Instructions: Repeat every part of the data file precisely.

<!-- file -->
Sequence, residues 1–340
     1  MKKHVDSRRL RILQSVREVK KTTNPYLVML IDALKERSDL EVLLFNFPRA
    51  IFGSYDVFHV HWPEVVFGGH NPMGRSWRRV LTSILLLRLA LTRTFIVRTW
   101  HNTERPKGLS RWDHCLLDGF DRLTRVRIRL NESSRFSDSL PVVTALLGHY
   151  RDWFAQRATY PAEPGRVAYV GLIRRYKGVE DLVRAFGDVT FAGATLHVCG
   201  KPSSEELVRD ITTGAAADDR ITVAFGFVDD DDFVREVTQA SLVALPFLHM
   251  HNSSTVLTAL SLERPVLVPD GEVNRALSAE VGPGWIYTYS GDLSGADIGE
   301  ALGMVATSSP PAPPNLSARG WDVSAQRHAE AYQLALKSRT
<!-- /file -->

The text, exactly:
Sequence, residues 1–340
     1  MKKHVDSRRL RILQSVREVK KTTNPYLVML IDALKERSDL EVLLFNFPRA
    51  IFGSYDVFHV HWPEVVFGGH NPMGRSWRRV LTSILLLRLA LTRTFIVRTW
   101  HNTERPKGLS RWDHCLLDGF DRLTRVRIRL NESSRFSDSL PVVTALLGHY
   151  RDWFAQRATY PAEPGRVAYV GLIRRYKGVE DLVRAFGDVT FAGATLHVCG
   201  KPSSEELVRD ITTGAAADDR ITVAFGFVDD DDFVREVTQA SLVALPFLHM
   251  HNSSTVLTAL SLERPVLVPD GEVNRALSAE VGPGWIYTYS GDLSGADIGE
   301  ALGMVATSSP PAPPNLSARG WDVSAQRHAE AYQLALKSRT